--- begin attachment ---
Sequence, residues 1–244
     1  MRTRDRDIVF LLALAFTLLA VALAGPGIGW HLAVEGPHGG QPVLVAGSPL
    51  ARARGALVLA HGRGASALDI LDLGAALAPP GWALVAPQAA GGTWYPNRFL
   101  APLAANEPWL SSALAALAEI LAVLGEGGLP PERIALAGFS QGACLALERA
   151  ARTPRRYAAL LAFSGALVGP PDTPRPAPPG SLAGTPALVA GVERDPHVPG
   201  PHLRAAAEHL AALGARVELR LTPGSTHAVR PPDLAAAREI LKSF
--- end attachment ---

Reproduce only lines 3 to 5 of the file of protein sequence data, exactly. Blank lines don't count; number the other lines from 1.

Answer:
    51  ARARGALVLA HGRGASALDI LDLGAALAPP GWALVAPQAA GGTWYPNRFL
   101  APLAANEPWL SSALAALAEI LAVLGEGGLP PERIALAGFS QGACLALERA
   151  ARTPRRYAAL LAFSGALVGP PDTPRPAPPG SLAGTPALVA GVERDPHVPG